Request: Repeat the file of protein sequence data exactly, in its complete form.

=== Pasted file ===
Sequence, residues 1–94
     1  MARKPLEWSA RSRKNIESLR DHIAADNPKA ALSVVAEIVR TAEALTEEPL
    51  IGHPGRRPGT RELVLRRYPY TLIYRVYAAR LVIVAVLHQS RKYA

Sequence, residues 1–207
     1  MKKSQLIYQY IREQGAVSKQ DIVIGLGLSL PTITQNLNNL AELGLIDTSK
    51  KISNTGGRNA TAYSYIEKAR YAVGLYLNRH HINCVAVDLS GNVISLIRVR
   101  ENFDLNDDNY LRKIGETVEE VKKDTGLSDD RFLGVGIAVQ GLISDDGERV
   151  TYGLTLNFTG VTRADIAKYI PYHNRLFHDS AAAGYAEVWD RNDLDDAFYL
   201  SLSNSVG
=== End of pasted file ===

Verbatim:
Sequence, residues 1–94
     1  MARKPLEWSA RSRKNIESLR DHIAADNPKA ALSVVAEIVR TAEALTEEPL
    51  IGHPGRRPGT RELVLRRYPY TLIYRVYAAR LVIVAVLHQS RKYA

Sequence, residues 1–207
     1  MKKSQLIYQY IREQGAVSKQ DIVIGLGLSL PTITQNLNNL AELGLIDTSK
    51  KISNTGGRNA TAYSYIEKAR YAVGLYLNRH HINCVAVDLS GNVISLIRVR
   101  ENFDLNDDNY LRKIGETVEE VKKDTGLSDD RFLGVGIAVQ GLISDDGERV
   151  TYGLTLNFTG VTRADIAKYI PYHNRLFHDS AAAGYAEVWD RNDLDDAFYL
   201  SLSNSVG